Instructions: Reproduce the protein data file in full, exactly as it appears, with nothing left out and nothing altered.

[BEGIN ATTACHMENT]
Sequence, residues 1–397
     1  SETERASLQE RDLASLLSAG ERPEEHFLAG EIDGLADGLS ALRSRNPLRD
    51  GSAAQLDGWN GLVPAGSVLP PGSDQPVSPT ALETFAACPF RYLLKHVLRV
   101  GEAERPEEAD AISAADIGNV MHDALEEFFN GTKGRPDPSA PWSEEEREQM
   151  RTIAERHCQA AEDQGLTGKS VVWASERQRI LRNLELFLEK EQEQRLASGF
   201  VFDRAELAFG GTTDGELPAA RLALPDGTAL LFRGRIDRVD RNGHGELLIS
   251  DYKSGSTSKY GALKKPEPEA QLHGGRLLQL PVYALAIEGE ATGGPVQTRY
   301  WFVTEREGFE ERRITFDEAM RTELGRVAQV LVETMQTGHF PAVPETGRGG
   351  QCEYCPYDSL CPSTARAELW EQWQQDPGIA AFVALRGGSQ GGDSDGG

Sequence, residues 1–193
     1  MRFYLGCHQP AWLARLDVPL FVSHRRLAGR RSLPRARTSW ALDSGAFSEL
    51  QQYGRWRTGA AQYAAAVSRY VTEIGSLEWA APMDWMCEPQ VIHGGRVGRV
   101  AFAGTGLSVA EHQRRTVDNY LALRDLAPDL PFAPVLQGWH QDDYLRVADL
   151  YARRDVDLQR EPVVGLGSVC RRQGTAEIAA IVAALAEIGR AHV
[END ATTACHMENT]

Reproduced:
Sequence, residues 1–397
     1  SETERASLQE RDLASLLSAG ERPEEHFLAG EIDGLADGLS ALRSRNPLRD
    51  GSAAQLDGWN GLVPAGSVLP PGSDQPVSPT ALETFAACPF RYLLKHVLRV
   101  GEAERPEEAD AISAADIGNV MHDALEEFFN GTKGRPDPSA PWSEEEREQM
   151  RTIAERHCQA AEDQGLTGKS VVWASERQRI LRNLELFLEK EQEQRLASGF
   201  VFDRAELAFG GTTDGELPAA RLALPDGTAL LFRGRIDRVD RNGHGELLIS
   251  DYKSGSTSKY GALKKPEPEA QLHGGRLLQL PVYALAIEGE ATGGPVQTRY
   301  WFVTEREGFE ERRITFDEAM RTELGRVAQV LVETMQTGHF PAVPETGRGG
   351  QCEYCPYDSL CPSTARAELW EQWQQDPGIA AFVALRGGSQ GGDSDGG

Sequence, residues 1–193
     1  MRFYLGCHQP AWLARLDVPL FVSHRRLAGR RSLPRARTSW ALDSGAFSEL
    51  QQYGRWRTGA AQYAAAVSRY VTEIGSLEWA APMDWMCEPQ VIHGGRVGRV
   101  AFAGTGLSVA EHQRRTVDNY LALRDLAPDL PFAPVLQGWH QDDYLRVADL
   151  YARRDVDLQR EPVVGLGSVC RRQGTAEIAA IVAALAEIGR AHV